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March> 1, 2008

Violaceous Purpuric Plaques on the Lower Extremity—Quiz Case

Author Affiliations
 

CARRIE ANN R.CUSACKMDSENAIT W.DYSONMDJACQUELINE M.JUNKINS-HOPKINSMDVINCENTLIUMDKARLA S.ROSENMANMD

Arch Dermatol. 2008;144(3):405-410. doi:10.1001/archderm.144.3.dof70020-b

A 9-year-old boy presented with an 8-month history of a rash on his left thigh, leg, and foot. He described these areas as occasionally itchy but denied pain or other symptoms. At initial presentation, he was treated with topical corticosteroid and adapalene creams, with no improvement. His only medication was biweekly allergy shots for a history of hives and anaphylaxis, and his family history was remarkable for seasonal allergies and asthma.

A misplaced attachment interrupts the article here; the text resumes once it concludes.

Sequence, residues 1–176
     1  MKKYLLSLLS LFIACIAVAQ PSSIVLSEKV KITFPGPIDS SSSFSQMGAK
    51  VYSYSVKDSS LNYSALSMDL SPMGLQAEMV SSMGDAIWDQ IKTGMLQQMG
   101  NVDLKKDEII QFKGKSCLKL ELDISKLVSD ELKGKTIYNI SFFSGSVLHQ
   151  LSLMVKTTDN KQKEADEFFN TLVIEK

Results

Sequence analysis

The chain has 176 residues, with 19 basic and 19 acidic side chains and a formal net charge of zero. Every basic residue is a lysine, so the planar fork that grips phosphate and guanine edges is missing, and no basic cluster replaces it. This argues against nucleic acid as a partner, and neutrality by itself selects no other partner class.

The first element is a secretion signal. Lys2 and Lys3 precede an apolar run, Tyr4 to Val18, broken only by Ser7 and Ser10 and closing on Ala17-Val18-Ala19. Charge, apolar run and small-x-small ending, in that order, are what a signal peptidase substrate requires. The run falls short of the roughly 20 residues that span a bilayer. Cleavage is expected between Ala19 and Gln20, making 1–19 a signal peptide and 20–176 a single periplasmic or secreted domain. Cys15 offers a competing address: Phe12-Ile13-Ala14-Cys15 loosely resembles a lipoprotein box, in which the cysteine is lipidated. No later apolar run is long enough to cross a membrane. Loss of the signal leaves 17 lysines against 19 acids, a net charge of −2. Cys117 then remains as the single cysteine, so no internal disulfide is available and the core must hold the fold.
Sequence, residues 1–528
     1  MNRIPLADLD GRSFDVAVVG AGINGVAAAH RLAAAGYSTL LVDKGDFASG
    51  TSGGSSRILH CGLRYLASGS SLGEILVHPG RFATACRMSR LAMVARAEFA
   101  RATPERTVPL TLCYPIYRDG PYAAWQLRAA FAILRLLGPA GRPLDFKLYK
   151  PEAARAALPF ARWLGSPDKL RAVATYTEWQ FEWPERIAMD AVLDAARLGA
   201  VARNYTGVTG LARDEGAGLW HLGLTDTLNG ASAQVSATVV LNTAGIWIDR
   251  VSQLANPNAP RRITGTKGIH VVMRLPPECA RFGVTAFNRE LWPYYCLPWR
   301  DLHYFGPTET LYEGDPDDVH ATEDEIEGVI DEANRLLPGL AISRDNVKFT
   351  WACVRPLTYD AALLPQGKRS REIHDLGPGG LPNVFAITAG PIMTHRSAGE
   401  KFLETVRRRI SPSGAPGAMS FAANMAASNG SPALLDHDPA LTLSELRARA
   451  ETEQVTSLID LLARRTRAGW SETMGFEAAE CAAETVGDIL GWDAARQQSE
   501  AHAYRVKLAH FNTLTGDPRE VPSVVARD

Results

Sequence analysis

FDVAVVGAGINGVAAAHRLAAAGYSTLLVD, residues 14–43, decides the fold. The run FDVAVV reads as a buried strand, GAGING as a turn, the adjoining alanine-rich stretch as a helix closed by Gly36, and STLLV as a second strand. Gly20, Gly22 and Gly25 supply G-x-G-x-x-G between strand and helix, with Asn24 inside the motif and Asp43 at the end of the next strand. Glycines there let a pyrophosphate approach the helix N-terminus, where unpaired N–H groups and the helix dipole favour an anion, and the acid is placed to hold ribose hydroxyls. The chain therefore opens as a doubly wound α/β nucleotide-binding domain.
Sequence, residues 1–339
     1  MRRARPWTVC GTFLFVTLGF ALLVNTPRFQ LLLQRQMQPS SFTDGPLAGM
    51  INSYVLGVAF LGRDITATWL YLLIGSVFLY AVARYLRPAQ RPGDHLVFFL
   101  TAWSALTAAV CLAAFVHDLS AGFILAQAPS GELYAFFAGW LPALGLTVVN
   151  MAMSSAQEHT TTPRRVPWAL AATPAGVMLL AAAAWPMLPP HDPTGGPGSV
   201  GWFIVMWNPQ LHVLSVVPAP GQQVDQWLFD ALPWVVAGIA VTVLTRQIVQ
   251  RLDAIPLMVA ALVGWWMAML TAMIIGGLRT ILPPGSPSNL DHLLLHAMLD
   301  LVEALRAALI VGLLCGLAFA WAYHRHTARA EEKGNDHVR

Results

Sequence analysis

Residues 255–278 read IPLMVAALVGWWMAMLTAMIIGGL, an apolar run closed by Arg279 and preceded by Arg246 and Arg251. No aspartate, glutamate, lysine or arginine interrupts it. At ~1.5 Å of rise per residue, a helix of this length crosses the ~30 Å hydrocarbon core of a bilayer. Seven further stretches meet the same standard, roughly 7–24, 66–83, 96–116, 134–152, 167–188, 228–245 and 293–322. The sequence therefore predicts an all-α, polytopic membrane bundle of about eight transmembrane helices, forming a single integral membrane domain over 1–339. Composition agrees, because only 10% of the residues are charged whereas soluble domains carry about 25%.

Physical examination revealed an ill-defined brown-yellow patch on the left hip that contained cayenne pepper–like red macules. There were also multiple grouped, violaceous, polygonal purpuric plaques with slight scale on the left thigh (Figure 1), popliteal fossa, ankle, and dorsal aspect of the foot. A punch biopsy specimen was obtained from the left calf (Figure 2 and Figure 3).

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